MERRILL - Sounds of dedication and motivation filled Merrill High School.
"We worked really hard since June and July. A lot of twelve hour days, five and a half hour days," said Antigo drum line section leader, Isaac Cuellar.
"We're just out in the hard sun learning drills, learning our music just doing a lot of reps over and over again."
All that repetition paid off at the Marching Band Competition in Merrill.
Eight teams performed on the football field Sunday afternoon.
"What the bands are getting judged on a series of different categories. There's a visual execution or just the general effect of whether their show really speaks to the viewer." Merrill band director, Kevin Short said.
"That was like kind of a chaotic thing. It was supposed to be the spy's running around the neighborhood type thing," said D.C. Everest trumpet player, Jared Bartnik.
"It was like creating kind of an awesome ghetto, not like weird, but fun thing to do. It was like a brawl kind of."
But not everyone was there to compete.
"We just did exhibition again just to kind of show off. Just like yesterday, we did it to have fun, show off our field show and have a blast." Bartnik stated.
Band director say the non-competitive energy rubbed off on everybody.
"It's way more than just about the band directors. It's actually not very much about the band directors at all to be honest," Short said.
"It's about the kids. It's about the herd of parents that we have here today to make all this happen."
"There's like no enemies here. It's all friendly competition," said Bartnik.
"We're all cheering for each other. We're all hoping each other to do the best we can. We're just rooting for each other."
And that's the product of hard work and team work.
MILWAUKEE (AP) - Some Wisconsin schools will be using gunshot-detection sensors when classes resume this fall to try to get police to respond more quickly to a mass shooting.
The sensors are among various security upgrades schools are rolling out with grant money state lawmakers approved this year after the shootings in Parkland, Florida.
The Kenosha Unified School District plans to use $384,000 of its nearly $900,000 award to install sensors from New Mexico-based EAGL Technology at its 43 schools. The system is designed to alert police within seconds of shots being fired and activate surveillance cameras near their location to livestream the scene to authorities. The sensors can also lock doors after gunshots.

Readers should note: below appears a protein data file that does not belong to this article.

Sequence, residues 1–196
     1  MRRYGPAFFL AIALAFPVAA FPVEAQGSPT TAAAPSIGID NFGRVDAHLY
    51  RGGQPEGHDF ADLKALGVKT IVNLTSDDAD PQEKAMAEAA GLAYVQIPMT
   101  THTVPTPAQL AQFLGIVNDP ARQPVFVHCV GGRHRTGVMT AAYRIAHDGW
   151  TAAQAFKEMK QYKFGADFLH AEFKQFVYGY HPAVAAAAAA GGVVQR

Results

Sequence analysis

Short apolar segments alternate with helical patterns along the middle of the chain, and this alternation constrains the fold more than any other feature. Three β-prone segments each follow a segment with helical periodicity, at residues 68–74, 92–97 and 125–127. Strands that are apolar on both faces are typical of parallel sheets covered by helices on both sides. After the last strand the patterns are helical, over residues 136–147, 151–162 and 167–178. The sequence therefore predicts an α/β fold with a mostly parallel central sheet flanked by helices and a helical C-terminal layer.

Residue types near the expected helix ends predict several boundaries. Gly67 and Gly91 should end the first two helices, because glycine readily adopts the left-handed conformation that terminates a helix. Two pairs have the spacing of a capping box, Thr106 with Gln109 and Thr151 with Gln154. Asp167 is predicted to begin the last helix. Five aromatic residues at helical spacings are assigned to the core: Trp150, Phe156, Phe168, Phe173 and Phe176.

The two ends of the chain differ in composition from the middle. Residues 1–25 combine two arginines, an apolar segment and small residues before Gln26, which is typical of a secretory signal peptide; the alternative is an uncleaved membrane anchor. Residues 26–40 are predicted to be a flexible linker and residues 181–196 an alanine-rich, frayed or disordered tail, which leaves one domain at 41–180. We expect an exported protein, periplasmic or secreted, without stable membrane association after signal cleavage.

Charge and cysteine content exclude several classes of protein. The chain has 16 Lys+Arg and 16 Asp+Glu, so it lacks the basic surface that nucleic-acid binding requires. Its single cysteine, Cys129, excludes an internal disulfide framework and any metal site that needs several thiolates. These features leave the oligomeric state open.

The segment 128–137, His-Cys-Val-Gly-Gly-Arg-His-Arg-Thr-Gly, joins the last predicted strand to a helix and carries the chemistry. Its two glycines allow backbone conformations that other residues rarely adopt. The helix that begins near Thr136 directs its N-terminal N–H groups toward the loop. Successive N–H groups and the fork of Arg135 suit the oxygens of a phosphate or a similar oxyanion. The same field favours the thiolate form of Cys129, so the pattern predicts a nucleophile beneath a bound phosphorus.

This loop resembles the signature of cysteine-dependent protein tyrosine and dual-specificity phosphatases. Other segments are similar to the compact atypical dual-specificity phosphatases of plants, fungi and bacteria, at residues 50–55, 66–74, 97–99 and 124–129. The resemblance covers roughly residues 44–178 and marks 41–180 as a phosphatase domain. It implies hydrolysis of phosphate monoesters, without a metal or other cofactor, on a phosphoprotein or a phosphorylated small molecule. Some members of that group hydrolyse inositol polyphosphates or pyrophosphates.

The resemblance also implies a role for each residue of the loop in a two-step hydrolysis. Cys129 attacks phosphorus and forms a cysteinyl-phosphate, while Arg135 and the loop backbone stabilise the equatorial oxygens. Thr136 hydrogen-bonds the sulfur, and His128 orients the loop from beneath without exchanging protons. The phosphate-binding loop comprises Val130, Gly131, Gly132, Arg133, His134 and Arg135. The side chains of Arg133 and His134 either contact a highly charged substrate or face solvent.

EAGL Technology says the number of schools across the country expressing interest in the sensors has increased since Parkland.
RHINELANDER - A Rhinelander group working to maintain recreational trails in the area got some help in their mission. The Rhinelander Area Silent Trails Association received grants to help fund its various projects.
The group got two DNR Recreational Trail Act Grants totaled at a little more than $13,000. The WPS Foundation also gave a total of $1,800 in grants. The grant money will be used to help with multiple projects.
One project is to construct a boardwalk over the wetlands of the Cassian Cross County Ski Trail. RASTA is also going to construct a new ski trail at Washburn.
For more information on all of RASTA's projects, visit their Facebook page lined below.
FLORENCE COUNTY - Two high school students died in a car crash early Friday morning in Florence County. The wreck happened at around 6:20 a.m. according to the Florence County Sheriff's Office.
The vehicle was traveling north on County Highway N in the Commonwealth Township, when the driver lost control while making a turn. The vehicle crossed the center line, left the roadway, and hit a tree, bursting into flames upon impact.
The names and ages of the Florence High School students will be released after notifications are made.
MINOCQUA - Owners of wooden boats describe them as labors of love.
"If you're going to own a boat like this, you have to have a commitment," said boat owner Marc Toigo. "It's not optional."
It's the kind of commitment Gordon Moore had when he helped start the Minocqua Antique Wooden & Classic Boat Show 26 years ago. Moore passed away in August, making this weekend's show the first without him.
"We're going to laugh a lot, because he'd want us to," said show organizer Al Hanley. "(Moore) had a great sense of humor, he was a truly unique individual."
The unusual weather this spring could have an effect on how many fish you might catch this season. We talk to a local bait shop owner about the connection between the weather and the number of catchable fish that are in the water.
And we'll take you to a recycling event and tell you how you can help a local homeless shelter by bringing in old appliances.
We'll bring you the details on these stories and more tonight on Newswatch 12 - news from where you live.
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